Taking care of plants and flowers is one of the highlights of a typical day for Tao . One flower he grew very fond of during the years he was a farmer was the chrysanthemum. He planted a lot of this flower around his house and all over his farm. During his free time, he would closely watch and observe the flowers as if they have a life on their own.
He also liked to drink wine very much especially after his scheduled tasks for the day are already done or if there simply is nothing to do at all. Tao grew very much accustomed to this kind of lifestyle to the point that he lost track of himself and forgot that a person who lives in the farm must be self-supporting or else, he would die of hunger because there basically is no one supporting him or paying him wages.
Over the years, Tao appeared to be more and fonder of this kind of carefree lifestyle that during his late years in the countryside, what he had was his farm and an impoverished life. There was even a case wherein his friends got no choice but to send him money so he could buy food and other necessities but because of his unsustainable lifestyle, despite living in a farm, he spent all of those grants o wine, which practically yielded him nothing but drunkenness.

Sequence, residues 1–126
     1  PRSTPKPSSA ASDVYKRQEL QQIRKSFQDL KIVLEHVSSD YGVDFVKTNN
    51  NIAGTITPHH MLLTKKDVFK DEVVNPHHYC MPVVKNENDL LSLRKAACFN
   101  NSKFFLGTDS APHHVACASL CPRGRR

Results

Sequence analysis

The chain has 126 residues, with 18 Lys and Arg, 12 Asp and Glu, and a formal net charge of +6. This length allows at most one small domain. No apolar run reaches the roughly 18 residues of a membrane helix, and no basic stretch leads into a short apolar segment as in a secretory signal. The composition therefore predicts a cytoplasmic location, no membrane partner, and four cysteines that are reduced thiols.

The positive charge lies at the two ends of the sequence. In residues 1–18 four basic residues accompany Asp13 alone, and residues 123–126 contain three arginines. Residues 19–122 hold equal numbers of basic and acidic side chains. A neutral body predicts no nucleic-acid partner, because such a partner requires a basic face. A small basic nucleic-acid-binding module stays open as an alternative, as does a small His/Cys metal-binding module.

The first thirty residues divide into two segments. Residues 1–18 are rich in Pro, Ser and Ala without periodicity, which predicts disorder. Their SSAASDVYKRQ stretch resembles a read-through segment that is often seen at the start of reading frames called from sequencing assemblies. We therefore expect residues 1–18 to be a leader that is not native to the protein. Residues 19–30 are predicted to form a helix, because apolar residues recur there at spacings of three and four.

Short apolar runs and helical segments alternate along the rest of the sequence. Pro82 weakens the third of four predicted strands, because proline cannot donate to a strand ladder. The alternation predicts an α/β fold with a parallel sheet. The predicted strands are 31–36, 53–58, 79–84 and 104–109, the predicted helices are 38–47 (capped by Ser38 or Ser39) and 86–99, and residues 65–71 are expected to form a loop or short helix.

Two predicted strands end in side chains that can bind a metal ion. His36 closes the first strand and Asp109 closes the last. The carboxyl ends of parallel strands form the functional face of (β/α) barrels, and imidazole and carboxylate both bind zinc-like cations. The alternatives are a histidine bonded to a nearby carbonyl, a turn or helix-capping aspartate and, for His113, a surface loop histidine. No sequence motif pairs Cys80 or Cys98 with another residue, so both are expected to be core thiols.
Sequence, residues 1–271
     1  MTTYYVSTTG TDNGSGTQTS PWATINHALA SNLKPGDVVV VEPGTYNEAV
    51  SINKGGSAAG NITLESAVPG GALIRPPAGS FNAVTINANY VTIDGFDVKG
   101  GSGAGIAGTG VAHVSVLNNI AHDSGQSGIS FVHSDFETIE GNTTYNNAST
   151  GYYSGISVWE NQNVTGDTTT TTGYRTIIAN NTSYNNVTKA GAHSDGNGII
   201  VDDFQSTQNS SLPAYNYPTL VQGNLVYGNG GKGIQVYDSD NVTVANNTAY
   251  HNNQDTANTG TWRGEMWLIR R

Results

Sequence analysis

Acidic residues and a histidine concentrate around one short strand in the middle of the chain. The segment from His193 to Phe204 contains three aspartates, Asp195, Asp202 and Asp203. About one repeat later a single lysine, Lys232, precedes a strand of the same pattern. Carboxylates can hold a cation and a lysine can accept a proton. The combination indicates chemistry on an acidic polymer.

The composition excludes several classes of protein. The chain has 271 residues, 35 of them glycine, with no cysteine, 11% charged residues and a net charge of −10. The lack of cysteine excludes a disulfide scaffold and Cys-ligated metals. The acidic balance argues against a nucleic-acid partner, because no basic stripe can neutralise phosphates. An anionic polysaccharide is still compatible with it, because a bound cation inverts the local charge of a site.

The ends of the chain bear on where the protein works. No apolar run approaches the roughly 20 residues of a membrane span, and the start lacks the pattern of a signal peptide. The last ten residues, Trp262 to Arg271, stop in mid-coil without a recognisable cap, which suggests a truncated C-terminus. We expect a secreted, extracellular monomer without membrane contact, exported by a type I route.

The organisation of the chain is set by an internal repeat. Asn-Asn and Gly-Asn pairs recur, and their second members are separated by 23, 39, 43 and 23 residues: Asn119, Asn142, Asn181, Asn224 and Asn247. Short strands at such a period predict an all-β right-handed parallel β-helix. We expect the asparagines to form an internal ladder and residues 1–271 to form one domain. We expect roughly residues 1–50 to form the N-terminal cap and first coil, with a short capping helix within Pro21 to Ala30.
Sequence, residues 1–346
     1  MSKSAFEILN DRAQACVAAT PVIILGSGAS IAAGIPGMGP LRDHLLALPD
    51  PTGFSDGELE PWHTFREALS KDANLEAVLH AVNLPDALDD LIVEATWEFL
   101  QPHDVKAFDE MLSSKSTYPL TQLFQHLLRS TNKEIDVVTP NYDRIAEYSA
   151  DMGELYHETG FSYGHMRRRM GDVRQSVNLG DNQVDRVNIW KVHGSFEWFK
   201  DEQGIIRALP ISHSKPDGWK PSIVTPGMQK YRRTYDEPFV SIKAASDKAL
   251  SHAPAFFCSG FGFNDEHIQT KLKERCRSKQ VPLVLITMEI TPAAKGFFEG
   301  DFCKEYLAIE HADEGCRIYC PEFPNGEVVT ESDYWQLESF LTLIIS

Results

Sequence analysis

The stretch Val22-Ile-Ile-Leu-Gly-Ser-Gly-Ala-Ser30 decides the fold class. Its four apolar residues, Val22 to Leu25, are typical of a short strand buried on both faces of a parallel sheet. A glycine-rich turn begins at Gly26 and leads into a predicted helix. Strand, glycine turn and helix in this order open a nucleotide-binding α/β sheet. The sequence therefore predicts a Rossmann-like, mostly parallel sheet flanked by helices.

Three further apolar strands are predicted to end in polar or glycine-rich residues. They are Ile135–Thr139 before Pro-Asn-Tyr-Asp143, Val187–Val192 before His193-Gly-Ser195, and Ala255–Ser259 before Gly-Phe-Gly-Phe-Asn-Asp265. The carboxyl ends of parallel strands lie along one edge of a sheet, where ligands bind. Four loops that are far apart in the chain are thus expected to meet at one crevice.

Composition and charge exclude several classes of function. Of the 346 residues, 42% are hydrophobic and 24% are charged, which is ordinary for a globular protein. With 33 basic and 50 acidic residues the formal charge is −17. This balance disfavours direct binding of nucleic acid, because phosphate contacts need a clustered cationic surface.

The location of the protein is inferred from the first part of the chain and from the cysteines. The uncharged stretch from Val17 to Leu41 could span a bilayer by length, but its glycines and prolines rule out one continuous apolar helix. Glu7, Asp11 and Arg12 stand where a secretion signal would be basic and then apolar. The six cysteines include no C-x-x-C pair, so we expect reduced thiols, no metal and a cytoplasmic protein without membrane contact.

Tao’s existing poems can be categorized into three classes: poems that are about drinking; about his expressions during his lengthy stay at the countryside farms; and pastoral poems. If there is one common denominator among his works that survived, however, that would be the inherent feel of each poem and the simplicity of their lines and structure, which can be comparable to a life in a farm—simple, unsophisticated, but nonetheless relaxing and tranquil. Tao Yuanming is the pioneer of pastoral poems.
Today, it is believed that he has the largest and perhaps the most popular collection of pastoral poems. One of the most popular works of his under this category is The Five Poems of Returning to the Life of Farmers. In this work, he described how one can easily appreciate the simple trace of life by living in a farm; how one can easily enjoy living in a farm; and how simple life was designed to be that living a life in the farm seemed to be the only option.